Gloag Investments’ Highland tourism development given green light

Savills’ planning team in Scotland has obtained planning permission in principle from Highland councillors for Gloag Investments’ high-quality woodland holiday accommodation at Beaufort Castle Estate near Kiltarlity near Oban.

Gloag Investments' Highland tourism development given green light

Submitted on behalf of Gloag Investments, plans include accommodation for glamping and up to 50 holiday accommodation units on land above the River Beauly. Plans for the development also comprise a small cluster of buildings arranged around a courtyard that will house a cafe, retail and wash house.

Savills planner Angus Dodds said: “We are delighted to have finally achieved planning in principle approval for this exciting Highland tourism project. It will ultimately enable a welcome expansion of visitor choice in the local area, creating local jobs and helping to encourage tourists to venture beyond Inverness.”

In a report to the south planning applications committee on Tuesday last week, council officials noted that the research undertaken as part of the application showed that, “there is a healthy demand for self-catering properties in the Highlands and scope to develop new facilities in the Inverness/Beauly area, particularly at the higher quality end of the market”.

In its conclusions the report noted that the application represented an opportunity to create “a high quality tourist development in a special setting”.

Architects 3DReid said the site aims to incorporate the qualities set out in the Scottish Government’s designing places policy, with distinctive, adaptable, safe and resource-efficient architecture.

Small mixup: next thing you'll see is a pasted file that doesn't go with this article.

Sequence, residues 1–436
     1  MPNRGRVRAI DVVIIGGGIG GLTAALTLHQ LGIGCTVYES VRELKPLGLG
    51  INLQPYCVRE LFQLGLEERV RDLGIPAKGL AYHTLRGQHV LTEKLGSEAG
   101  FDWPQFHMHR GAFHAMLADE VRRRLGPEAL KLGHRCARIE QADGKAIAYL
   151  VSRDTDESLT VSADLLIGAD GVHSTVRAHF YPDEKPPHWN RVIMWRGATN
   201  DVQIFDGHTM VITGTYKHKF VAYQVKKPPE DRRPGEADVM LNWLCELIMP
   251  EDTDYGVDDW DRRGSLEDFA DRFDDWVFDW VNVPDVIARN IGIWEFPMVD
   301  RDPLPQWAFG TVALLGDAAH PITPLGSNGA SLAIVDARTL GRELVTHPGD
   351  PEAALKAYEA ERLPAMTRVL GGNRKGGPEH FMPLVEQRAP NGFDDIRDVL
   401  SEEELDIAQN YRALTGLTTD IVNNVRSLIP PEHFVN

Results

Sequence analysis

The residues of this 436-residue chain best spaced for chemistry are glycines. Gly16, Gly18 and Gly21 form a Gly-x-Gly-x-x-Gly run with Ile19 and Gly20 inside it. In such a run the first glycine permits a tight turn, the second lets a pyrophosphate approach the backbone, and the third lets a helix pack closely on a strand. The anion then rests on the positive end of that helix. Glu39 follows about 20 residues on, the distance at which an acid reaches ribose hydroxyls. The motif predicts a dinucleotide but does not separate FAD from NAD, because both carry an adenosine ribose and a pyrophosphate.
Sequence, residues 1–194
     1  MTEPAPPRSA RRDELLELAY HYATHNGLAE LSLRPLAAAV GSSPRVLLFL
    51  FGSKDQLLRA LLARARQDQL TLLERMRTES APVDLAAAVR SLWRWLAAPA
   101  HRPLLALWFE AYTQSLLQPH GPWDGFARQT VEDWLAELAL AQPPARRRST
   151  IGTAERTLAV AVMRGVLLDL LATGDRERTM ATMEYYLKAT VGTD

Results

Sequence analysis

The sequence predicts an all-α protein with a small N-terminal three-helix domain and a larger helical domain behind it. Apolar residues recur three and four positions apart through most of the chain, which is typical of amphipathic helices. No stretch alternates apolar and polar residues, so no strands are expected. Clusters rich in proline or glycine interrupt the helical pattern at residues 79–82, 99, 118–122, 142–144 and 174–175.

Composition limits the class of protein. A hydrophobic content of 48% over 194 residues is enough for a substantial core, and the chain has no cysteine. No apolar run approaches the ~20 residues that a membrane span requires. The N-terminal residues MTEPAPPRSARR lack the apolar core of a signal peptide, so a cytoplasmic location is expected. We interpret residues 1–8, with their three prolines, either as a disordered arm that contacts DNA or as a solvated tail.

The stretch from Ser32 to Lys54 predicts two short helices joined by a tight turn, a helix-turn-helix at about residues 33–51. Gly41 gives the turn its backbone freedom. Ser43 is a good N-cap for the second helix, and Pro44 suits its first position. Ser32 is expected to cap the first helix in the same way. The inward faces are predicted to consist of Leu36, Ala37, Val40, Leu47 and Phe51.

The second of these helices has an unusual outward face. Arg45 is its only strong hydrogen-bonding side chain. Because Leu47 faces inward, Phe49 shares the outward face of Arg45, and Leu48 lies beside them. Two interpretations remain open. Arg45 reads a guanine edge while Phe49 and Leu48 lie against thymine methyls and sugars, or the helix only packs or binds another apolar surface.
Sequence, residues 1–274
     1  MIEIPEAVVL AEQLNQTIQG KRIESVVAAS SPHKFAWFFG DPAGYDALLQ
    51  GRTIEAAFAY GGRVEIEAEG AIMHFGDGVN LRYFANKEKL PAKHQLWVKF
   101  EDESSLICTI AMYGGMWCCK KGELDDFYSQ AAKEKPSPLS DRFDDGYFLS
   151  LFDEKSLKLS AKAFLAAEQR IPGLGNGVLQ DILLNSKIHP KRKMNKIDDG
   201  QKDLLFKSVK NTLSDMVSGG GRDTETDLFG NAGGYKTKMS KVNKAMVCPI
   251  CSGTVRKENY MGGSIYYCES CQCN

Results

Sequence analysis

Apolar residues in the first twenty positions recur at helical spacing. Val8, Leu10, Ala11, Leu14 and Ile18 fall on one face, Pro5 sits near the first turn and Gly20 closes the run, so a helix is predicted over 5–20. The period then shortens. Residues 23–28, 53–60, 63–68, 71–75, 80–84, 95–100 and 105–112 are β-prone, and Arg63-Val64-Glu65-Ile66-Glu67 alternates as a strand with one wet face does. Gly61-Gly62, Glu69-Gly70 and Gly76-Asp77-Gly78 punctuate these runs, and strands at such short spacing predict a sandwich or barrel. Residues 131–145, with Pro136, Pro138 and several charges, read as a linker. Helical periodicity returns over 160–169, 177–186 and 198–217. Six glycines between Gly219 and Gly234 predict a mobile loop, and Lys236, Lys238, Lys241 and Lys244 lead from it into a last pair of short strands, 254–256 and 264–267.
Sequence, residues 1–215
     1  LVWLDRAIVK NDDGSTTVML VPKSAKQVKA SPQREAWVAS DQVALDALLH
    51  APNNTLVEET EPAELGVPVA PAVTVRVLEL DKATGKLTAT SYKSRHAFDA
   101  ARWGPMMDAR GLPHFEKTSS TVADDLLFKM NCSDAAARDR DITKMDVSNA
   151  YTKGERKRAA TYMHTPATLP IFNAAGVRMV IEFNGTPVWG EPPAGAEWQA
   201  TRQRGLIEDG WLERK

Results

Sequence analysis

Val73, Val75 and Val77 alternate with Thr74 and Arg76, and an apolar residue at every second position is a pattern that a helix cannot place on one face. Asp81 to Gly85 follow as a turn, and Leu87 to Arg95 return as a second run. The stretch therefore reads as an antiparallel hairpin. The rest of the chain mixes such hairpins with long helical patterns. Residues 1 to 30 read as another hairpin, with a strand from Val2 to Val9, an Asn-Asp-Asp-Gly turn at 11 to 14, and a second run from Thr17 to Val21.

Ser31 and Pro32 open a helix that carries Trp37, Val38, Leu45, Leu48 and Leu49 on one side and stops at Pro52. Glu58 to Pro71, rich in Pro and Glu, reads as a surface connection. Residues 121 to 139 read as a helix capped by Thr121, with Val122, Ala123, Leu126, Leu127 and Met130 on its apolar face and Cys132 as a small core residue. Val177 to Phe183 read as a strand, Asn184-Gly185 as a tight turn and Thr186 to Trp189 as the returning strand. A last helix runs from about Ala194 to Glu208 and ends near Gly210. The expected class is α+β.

Using creative, contemporary timber structures, the design “would respond directly to the colour, shadow and sculptural forms created by the living woodland” and recognises the presence of local wildlife including badgers and otters. It will use a cleared area of woodland in the centre of the site as much as possible, retaining existing stands of trees and preserving wildlife corridors.”

Mr Dodds concluded: “The proposals were informed by public consultation with the community in Kiltarlity to ensure the project takes account of the site’s sensitivities and the ideas of local people. The next stage will be working up more detail for the scheme, and showing how it can be sensitively accommodated within its wider woodland setting, in line with creative and insightful contributions from the professional team.”

Share icon
Share this article: